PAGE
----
Robert Mugabe, the strongman who ruled Zimbabwe with an iron fist for 37 years, has died at age 95, Emmerson Mnangagwa, the man who deposed him, announced in a tweet today. Mugabe had been receiving medical treatment at a hospital in Singapore, where he has been a frequent visitor for healthcare reasons in recent years.
“It is with the utmost sadness that I announce the passing on of Zimbabwe’s founding father and former President, Cde Robert Mugabe,” Zimbabwe’s current president said in the tweet.
“Cde Mugabe was an icon of liberation, a pan-Africanist who dedicated his life to the emancipation and empowerment of his people. His contribution to the history of our nation and continent will never be forgotten. May his soul rest in eternal peace,” he added.
Cde Mugabe was an icon of liberation, a pan-Africanist who dedicated his life to the emancipation and empowerment of his people. His contribution to the history of our nation and continent will never be forgotten. May his soul rest in eternal peace (2/2)
— President of Zimbabwe (@edmnangagwa) September 6, 2019
Mnangagwa revealed last month that Mugabe was in Singapore, where he had been receiving medical care for four months. He did not disclose the name of the hospital nor Mugabe’s ailment.
“Founding president and founding father of our nation (comrade) Robert Mugabe remains detained at a hospital in Singapore where he is receiving medical attention,” he said at the time. “Unlike in the past when the former president would require just about a month for this, his physicians this time around determined that he be kept under observation for much longer from April this year when he left for his latest routine check-up.”
Mnangagwa had also visited Singapore earlier to check on Zimbabwe’s former ruler.
– Tragic legacy –
First heralded as a liberator who rid the former British colony Rhodesia of white-minority rule, Robert Gabriel Mugabe will instead be remembered a despot who crushed political dissent and ruined the national economy.
The former political prisoner turned guerrilla leader swept to power in the 1980 elections after a growing insurgency and economic sanctions forced the Rhodesian government to the negotiating table.
In office, he initially won international plaudits for his declared policy of racial reconciliation and for extending improved education and health services to the black majority.
But his luster faded quickly.
Mugabe had taken control of one wing in the guerrilla war for independence — the Zimbabwe African National Union (ZANU) and its armed forces — after his release from prison in 1974.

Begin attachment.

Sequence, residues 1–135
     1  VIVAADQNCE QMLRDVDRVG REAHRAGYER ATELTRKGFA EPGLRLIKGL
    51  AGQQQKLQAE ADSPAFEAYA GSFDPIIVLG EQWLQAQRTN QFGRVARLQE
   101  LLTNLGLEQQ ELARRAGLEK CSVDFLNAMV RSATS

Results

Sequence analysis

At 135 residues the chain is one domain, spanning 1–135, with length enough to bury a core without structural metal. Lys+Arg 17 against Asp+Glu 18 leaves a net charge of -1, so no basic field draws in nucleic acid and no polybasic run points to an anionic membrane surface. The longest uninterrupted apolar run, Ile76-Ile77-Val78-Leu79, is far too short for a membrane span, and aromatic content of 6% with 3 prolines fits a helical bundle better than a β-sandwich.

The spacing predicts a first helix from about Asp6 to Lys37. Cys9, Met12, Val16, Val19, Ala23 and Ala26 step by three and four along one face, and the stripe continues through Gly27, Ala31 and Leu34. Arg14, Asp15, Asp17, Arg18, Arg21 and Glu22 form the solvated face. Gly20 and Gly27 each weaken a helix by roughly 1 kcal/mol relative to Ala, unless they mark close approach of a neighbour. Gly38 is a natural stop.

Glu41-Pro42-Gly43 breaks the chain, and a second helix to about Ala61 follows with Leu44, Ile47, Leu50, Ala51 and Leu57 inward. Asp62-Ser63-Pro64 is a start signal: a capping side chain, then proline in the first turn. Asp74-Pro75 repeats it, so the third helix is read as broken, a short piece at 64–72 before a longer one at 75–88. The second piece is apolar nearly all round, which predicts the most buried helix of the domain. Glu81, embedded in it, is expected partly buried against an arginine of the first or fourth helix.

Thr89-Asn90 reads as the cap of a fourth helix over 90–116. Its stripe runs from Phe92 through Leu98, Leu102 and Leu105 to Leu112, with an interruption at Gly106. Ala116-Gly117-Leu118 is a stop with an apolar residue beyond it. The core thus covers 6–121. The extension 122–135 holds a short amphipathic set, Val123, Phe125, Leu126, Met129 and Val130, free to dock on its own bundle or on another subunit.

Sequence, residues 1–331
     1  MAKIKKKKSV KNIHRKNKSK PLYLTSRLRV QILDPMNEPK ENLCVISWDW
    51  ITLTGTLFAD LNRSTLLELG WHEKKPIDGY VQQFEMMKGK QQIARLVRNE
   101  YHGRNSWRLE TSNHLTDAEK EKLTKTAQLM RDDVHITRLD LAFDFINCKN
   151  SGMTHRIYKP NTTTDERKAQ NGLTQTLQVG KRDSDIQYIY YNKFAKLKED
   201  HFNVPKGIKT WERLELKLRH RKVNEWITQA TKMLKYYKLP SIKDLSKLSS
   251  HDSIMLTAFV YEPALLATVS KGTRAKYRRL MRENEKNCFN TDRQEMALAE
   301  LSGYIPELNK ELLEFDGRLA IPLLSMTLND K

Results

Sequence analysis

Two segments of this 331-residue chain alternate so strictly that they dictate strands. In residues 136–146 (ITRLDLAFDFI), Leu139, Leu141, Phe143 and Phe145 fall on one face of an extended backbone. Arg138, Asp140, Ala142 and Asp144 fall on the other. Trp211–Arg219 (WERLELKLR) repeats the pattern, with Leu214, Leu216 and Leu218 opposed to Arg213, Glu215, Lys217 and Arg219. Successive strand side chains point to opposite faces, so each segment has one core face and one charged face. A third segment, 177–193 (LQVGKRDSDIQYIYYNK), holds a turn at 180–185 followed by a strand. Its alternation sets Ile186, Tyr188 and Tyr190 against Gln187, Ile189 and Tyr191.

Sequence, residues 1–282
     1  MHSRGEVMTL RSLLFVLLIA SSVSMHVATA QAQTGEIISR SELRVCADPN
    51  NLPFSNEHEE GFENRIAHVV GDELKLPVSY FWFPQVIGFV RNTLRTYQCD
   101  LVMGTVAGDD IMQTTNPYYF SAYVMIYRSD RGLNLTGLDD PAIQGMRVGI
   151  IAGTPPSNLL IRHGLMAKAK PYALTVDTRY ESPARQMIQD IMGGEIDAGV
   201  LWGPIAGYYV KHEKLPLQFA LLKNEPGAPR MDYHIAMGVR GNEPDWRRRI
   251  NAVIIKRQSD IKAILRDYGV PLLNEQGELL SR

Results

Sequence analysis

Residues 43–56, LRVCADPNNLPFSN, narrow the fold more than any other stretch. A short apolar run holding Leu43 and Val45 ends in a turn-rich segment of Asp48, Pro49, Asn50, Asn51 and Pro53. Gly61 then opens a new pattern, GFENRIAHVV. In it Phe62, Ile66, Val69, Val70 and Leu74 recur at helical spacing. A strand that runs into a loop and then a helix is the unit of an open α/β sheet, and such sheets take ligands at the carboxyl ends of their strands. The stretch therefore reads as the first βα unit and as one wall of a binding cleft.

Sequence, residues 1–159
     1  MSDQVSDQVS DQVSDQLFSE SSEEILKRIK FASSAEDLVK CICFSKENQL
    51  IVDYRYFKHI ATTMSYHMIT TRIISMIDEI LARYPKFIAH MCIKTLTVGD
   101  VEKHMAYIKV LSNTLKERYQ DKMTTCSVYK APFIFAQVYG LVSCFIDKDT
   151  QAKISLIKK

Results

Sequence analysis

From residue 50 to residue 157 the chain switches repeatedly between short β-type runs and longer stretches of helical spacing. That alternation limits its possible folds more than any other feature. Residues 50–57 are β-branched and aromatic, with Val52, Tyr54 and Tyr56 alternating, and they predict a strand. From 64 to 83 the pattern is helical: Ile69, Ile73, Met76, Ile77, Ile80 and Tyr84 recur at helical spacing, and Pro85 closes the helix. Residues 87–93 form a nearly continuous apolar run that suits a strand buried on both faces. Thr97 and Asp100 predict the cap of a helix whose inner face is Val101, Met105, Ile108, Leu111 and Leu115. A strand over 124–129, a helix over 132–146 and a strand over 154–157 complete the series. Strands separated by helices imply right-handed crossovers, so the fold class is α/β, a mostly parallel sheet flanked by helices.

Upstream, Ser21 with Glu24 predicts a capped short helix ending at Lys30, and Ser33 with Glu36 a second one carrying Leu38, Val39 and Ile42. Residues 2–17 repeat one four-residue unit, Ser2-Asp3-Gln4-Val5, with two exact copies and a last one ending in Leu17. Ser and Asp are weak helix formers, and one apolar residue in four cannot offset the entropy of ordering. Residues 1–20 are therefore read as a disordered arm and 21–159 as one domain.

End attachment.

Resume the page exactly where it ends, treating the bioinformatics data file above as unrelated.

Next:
His partner in the armed struggle — the leader of the Zimbabwe African People’s Union (ZAPU), Joshua Nkomo — was one of the early casualties of Mugabe’s crackdown on dissent.
Nkomo was dismissed from government, where he held the home affairs portfolio, after the discovery of an arms cache in his Matabeleland province stronghold in 1982.
Mugabe, whose party drew most of its support from the ethnic Shona majority, then unleashed the North Korean-trained Fifth Brigade on Nkomo’s Ndebele people in a campaign known as Gukurahundi that killed an estimated 20,000 suspected dissidents.
Yet it was the violent seizure of white-owned farms nearly two decades later that would complete Mugabe’s transformation into an international pariah — though his status as a liberation hero still resonates strongly in most of Africa.
Aimed largely at placating angry war veterans who threatened to destabilize his rule, the land reform policy wrecked the crucial agricultural sector, caused foreign investors to flee and helped plunge the country into economic misery.
At the same time, Mugabe clung to power through increased repression of human rights and by rigging elections.
– ‘Reptilian quality’ –
“He was a great leader whose leadership degenerated to a level where he really brought Zimbabwe to its knees,” said University of South Africa professor Shadrack Gutto.
Britain’s former foreign secretary Peter Carrington knew Mugabe well, having mediated the Lancaster House talks that paved the way for Zimbabwe’s independence.
“Mugabe wasn’t human at all,” Carrington told biographer Heidi Holland. “There was a sort of reptilian quality about him.
“You could admire his skills and intellect… but he was an awfully slippery sort of person.”
In the final decades of his rule, Mugabe — one of the world’s most recognizable leaders, with his thin stripe of mustache and thick-rimmed spectacles — embraced his new role as the antagonist of the West.
He used blistering rhetoric to blame his country’s downward spiral on Western sanctions, though they were targeted personally at Mugabe and his henchmen rather than at Zimbabwe’s economy.
“If people say you are dictator… you know they are saying this merely to tarnish and demean your status, then you don’t pay much attention,” he said in a 2013 documentary.
After decades in which the subject of succession was virtually taboo, a vicious struggle to take over after his death became apparent among the party elite when he reached his 90s and became visibly frail.
He had been rumored for years to have prostate cancer, but according to the official account, his frequent trips to Singapore were related to his treatment for cataracts.
Zimbabwe’s public health services have practically collapsed and those who can afford it seek treatment in South Africa or further abroad. Mugabe during his time in power sought almost all his medical care in Singapore.
With its top-notch hospitals, the Little Red Dot has long been a favorite destination for medical care for strongmen much closer to home than Zimbabwe.
Hun Sen, prime minister of Cambodia the past 34 years, makes frequent visits to see Singaporean doctors, while former Myanmar junta leader Than Shwe was known to have received treatment for intestinal cancer here back in 2007.
More news from the Little Red Dot at Coconuts.co/Singapore.